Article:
Tuesday, January 02, 2007

Hannibal Rising (review)

I'll try to keep any spoilers to a minimum, but if you know much about Hannibal Lecter there isn't a whole lot you can really spoil. The book follows Hannibal from ages 6 to about 20 I think, and is mostly a self-contained story of revenge.

Honestly, in my mind the book was rather average. I think part of that stems from it only being written due to pressure from the general public, and studios, for more Hannibal Lecter. There really is no other need for this book to exist, and after reading it some of the charm the character had thanks to his myserious origin are a bit lessened.

Basically, the book is about how bad Hannibal's life was as a kid, and how he dealt with his situation. There is a lot of angst, art, culture, and violence in the book. Everything flows up and down like a movie, so I wonder how much of the book was driven by the need for the movie since it was filmed before the book was released.

Another aspect that bothered me was the usage of a Japanese woman as Hannibal's aunt (I would use her name, but at the moment of writing this it eludes me). Don't get me wrong, the idea that she's Japanese doesn't bother me. After WW2 I'm sure there were many men who took in a Japanese wife, even before the war, for the sake of exoticness. This is probably also to help reinforce the notion that Hannibal is 'other' just like many percieve Japanese things, and I think that is what bothers me more about her being Japanese.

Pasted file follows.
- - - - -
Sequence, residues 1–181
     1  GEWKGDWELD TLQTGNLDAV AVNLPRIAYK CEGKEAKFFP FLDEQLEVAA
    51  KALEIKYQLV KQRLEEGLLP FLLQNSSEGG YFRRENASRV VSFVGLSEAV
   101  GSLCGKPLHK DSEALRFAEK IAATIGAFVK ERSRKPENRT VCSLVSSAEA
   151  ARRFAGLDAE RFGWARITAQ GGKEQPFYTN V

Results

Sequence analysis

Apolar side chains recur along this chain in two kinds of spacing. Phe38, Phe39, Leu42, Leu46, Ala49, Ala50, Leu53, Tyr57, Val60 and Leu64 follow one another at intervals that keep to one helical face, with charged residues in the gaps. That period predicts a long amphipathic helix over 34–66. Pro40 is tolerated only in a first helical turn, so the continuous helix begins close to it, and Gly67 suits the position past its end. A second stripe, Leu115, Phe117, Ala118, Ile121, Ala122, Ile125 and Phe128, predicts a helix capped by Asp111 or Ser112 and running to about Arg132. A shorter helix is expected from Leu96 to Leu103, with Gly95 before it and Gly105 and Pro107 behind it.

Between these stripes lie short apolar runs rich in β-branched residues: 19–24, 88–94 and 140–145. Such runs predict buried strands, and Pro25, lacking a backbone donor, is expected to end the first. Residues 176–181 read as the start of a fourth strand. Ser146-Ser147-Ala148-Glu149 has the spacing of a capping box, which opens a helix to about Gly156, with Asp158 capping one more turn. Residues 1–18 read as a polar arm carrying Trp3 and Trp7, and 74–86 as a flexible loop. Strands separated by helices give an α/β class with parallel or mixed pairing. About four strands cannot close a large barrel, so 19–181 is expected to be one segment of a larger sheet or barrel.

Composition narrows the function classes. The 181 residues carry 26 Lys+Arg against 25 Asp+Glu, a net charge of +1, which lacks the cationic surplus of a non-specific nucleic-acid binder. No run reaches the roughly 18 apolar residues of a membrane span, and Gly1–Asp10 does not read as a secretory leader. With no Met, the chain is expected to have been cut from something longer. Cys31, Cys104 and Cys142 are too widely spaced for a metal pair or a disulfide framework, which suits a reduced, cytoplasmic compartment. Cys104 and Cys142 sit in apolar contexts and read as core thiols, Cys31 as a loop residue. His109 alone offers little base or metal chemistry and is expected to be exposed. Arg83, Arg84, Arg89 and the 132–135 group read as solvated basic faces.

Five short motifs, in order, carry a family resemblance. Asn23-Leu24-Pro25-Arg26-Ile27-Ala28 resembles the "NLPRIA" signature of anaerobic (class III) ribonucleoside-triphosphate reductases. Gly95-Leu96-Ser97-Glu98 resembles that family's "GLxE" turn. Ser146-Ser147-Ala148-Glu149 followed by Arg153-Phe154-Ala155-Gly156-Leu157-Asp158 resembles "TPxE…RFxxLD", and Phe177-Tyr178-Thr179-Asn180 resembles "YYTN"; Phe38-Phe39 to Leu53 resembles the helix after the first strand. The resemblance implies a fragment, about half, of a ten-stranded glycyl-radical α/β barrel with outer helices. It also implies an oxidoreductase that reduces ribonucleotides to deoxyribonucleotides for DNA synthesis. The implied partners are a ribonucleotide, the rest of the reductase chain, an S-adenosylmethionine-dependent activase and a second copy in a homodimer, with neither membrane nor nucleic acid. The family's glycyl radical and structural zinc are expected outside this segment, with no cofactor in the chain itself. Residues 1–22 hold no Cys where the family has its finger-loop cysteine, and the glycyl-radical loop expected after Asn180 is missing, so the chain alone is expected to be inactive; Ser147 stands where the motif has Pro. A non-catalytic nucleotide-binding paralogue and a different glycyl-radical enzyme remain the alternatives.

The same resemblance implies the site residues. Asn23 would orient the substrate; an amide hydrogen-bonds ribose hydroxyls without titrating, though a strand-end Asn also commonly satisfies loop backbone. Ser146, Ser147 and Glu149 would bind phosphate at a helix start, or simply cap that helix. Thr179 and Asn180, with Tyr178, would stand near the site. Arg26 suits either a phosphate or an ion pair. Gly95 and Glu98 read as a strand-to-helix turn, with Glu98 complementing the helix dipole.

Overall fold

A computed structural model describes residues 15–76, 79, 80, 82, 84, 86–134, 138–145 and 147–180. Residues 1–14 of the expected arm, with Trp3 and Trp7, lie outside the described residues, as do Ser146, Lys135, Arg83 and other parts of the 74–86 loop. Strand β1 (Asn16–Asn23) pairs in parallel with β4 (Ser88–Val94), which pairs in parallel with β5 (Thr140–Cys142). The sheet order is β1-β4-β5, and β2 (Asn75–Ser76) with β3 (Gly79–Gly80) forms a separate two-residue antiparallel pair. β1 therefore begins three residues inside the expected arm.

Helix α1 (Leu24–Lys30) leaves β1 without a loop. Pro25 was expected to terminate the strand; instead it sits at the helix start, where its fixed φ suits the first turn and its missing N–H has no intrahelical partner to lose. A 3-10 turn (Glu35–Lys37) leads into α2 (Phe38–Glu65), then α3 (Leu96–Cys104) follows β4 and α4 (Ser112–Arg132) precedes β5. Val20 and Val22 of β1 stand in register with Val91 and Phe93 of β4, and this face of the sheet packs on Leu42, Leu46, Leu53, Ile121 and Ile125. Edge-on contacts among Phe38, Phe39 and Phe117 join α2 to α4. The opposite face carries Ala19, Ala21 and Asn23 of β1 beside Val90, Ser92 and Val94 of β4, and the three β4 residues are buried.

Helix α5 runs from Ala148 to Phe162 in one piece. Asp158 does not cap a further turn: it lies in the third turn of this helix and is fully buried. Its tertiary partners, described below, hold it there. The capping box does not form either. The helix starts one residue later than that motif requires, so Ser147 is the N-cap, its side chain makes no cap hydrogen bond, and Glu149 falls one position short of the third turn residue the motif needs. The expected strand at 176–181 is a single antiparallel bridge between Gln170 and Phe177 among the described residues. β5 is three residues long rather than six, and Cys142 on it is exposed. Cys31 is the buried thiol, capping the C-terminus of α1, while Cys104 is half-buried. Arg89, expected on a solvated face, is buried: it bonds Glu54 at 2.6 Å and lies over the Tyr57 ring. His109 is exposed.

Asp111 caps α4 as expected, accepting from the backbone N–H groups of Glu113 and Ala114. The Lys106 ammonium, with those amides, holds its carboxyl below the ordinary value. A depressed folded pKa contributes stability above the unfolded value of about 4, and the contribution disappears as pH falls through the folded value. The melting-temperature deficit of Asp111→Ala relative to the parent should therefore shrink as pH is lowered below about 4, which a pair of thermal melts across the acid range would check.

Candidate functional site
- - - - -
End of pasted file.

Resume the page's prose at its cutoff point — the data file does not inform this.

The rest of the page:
The other major complaint I have about her character is that she has no depth. This may be in part of Thomas Harris not having researched a whole lot and having a limited knoweldge base to work from - I don't know. The way she comes off is very much the standard idea of what a Japanese woman is like, right down to the typical 'rarely speaks verbally, but speaks through poetry and music'. She reminds me a lot of Madam Butterfly, except that she has Hannibal by her side to defend her (because she needs defendng!).

Also included is the popular knowledge that people folded cranes to try to get well after Hiroshima was destroyed and irradiated by the atom bomb, as well as prearainged marraige. It's like all the researched performed was a quick look up in an encyclopedia and watching a few post-war movies set in Japan.

Anyway, the book is worth reading if you have interest, but isn't required reading by any means. Of the four books that feature Hannibal Lecter, this is the least impressive. I think it may also be the shortest. This does not bode well for the movie, but they may pull an American Psycho out of it (not so great book, awesome movie) - there isn't much hope for that though...

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